“Essentially I thought when I handed [the evidence] over, they would prosecute it. I didn’t expect I would have to do it myself. I was trying to get [colleagues] interested, and everyone agreed it was terrible. But no one thought it was important enough to act,” she says.
For poorer, smaller countries, it would often take outside reports and pressure to spur change, Zhang says. This included complaints from NGOs, opposition parties or reputable US media. Zhang described a time she found an instance of political manipulation but Facebook didn’t want to act on it until an external party threatened to go to The New York Times. Facebook says the allegations are untrue.
But Zhang is not alone in her experience. Documents show internal dismay at the company’s failures to curb hate speech and misinformation ahead of the January 6 Capitol insurrection in Washington. In others, frustrated staffers vent on its internal message board that their efforts to clean up the platform are hindered by senior leadership.
“It’s hard not to feel like the work my team and I do on preventing incitement of violence is completely erased by forces within the company but outside of our control,” wrote one staffer. “It makes it embarrassing to work here.”
Several employees argue in the posts that content policy in particular is at the whim of political and media pressure, with senior leadership allowing exceptions to be made either to placate a vocal high-profile figure, or to avoid accusations of bias from rightwing leaders. One calls for a “firewall” between the policy and lobbying team and the content team to avoid conflicts of interest.
‘Profits over safety’
It is clear from the documents that within the sprawling company there are competing teams with different priorities, leading to complaints of inconsistent policy enforcement. And whatever happens, Zuckerberg, as the chief executive, president and controlling shareholder with about 58 per cent of the voting shares, has the final word.
In one episode unveiled in the documents, he is alleged to have blocked a change that would have helped stem hateful content in users’ news feeds ahead of the 2020 US presidential election over concerns it might hurt active engagement. Facebook denies this, pointing to changes that came into force in September 2020.
“It’s worth trying to think creatively about ways to have due process,” one former senior staffer told the Financial Times. “He can’t get fired and that doesn’t seem fair.”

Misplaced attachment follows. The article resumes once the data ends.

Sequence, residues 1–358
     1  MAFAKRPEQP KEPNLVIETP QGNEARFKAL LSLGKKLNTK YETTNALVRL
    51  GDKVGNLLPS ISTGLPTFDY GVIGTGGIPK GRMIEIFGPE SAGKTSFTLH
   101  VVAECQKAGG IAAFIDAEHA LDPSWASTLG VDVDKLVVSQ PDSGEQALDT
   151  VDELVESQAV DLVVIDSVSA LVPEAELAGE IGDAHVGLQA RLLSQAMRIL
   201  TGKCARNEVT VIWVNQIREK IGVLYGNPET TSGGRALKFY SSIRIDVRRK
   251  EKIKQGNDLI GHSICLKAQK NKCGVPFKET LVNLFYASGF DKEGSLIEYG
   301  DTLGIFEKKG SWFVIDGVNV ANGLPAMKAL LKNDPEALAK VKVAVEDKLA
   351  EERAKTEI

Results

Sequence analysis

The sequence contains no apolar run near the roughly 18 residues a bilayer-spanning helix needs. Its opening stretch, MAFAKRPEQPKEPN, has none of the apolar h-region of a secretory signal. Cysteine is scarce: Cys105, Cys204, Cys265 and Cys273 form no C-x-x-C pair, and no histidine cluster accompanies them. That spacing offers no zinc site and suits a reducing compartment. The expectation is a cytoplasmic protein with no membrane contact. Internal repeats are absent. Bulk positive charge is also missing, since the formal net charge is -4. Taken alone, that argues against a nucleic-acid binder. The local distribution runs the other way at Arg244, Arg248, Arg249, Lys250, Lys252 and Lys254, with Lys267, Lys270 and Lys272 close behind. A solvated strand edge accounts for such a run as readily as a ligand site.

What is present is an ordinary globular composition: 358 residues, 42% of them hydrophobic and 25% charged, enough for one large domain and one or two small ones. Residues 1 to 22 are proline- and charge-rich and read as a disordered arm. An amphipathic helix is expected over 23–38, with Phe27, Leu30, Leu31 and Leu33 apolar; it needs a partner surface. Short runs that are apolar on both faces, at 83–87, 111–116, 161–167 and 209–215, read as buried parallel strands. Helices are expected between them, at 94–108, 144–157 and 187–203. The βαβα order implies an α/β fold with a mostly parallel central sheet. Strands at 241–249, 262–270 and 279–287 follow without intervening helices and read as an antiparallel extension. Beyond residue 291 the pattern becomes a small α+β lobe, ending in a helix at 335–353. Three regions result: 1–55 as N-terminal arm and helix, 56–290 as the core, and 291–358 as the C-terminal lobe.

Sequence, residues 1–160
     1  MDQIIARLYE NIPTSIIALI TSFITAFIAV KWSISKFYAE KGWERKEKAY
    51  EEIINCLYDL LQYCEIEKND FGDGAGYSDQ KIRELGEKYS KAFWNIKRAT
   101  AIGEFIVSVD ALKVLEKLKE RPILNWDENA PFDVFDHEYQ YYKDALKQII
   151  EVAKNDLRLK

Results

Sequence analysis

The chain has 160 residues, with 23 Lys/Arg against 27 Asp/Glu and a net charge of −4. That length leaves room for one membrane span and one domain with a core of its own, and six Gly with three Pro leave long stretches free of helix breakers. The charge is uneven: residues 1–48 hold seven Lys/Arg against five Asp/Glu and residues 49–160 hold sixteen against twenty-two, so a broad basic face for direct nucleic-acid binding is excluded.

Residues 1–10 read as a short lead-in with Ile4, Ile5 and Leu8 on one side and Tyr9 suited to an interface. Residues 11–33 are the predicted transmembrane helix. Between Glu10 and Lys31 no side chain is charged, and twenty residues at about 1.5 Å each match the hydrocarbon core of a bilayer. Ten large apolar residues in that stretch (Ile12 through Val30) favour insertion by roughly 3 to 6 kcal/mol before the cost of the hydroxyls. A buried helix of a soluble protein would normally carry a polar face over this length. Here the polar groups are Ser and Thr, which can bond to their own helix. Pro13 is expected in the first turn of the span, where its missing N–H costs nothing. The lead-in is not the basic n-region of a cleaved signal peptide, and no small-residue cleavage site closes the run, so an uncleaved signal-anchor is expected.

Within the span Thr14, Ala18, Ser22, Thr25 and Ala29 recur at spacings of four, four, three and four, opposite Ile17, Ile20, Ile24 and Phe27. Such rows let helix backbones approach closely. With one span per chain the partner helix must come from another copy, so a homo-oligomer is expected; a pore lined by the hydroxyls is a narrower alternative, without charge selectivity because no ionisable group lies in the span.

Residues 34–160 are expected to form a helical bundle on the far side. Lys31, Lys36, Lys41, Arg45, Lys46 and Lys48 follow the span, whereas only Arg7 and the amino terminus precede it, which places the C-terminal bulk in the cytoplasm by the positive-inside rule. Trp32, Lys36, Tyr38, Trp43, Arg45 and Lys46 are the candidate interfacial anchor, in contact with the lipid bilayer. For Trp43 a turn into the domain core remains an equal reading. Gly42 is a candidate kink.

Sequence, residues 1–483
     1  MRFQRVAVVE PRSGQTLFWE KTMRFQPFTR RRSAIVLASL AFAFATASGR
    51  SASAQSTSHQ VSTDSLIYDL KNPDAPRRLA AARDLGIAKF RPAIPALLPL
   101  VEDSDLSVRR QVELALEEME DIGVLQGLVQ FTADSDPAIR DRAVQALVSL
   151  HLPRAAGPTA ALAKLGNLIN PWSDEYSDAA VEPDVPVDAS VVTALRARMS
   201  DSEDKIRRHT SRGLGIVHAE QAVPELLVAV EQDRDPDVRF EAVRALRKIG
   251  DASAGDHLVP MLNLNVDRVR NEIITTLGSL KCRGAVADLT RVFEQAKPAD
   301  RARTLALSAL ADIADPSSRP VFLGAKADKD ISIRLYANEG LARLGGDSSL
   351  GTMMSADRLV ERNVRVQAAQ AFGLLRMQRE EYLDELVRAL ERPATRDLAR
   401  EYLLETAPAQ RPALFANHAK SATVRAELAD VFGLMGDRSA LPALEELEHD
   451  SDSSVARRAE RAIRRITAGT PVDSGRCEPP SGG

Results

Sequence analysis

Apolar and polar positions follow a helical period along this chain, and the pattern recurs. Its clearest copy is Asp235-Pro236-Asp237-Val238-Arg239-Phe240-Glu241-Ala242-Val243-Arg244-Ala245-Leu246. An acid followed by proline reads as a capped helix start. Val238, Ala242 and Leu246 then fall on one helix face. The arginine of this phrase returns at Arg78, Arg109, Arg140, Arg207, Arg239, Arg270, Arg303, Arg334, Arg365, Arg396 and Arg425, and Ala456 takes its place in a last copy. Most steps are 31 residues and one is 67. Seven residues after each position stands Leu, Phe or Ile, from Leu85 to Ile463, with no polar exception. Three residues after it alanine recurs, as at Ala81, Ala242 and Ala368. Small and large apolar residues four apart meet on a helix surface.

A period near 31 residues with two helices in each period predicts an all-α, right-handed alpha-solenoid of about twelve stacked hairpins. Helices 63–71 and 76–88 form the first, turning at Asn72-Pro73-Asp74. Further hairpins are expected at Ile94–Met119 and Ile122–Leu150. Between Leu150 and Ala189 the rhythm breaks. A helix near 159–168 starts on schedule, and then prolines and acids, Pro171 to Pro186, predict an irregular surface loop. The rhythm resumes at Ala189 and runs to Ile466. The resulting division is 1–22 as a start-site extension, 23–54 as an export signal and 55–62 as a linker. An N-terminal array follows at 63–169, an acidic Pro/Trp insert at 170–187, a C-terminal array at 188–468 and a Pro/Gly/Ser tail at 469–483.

Facebook defenders note that it is a public, profitmaking company with an obligation to shareholders. Critics hope, given what they see to be Zuckerberg’s unaccountable power in a regulatory vacuum, that the latest deluge of bad press will prompt Congress to step in to, for example, tackle harmful speech or to mandate more transparency by companies about how their algorithms work.
Indeed, in a so-far floundering experiment in self-regulation, Facebook’s own Oversight Board, launched 12 months ago to help it make tricky moderation decisions, has complained that the company has not been forthcoming in its response to requests for information.
“There are enough examples of [Facebook choosing profits over safety] that make it worthy of congressional and parliamentary oversight,” says Boland.
The question is what this will look like and whether any areas of legislation can earn bipartisan support. Issues around free speech in the US tend to split left and right, although lawmakers are co-operating on areas such as improving online protection for children.
“I hope this deepens the conversations about what we think companies should be prioritising and where we should be regulated versus driven by them,” says Katie Harbath, a former Facebook public policy director. “The discussion around Facebook really does centre around the trade-offs the company makes and where they draw the line.”
The US Securities and Exchange Commission has yet to say whether it will act on Haugen’s concerns and pursue any investigations: “The closer the relationship between the whistleblower’s allegations and the company’s financial performance, the higher the probability that the agency will take action,” says Joseph Grundfest, a law professor at Stanford and a former SEC commissioner.
Investors, for now, are unperturbed; Facebook’s share price moved up slightly on Monday morning despite the deluge of news. The company’s pockets remain as deep as ever. “The smaller competitors are the ones who are going to get hurt,” says Youssef Squali, managing director at Truist Securities and a leading Facebook analyst. “Facebook will be able to invest in technology, and lobbying, to get to where it needs to get to.”
Additional reporting by John Reed in Bangkok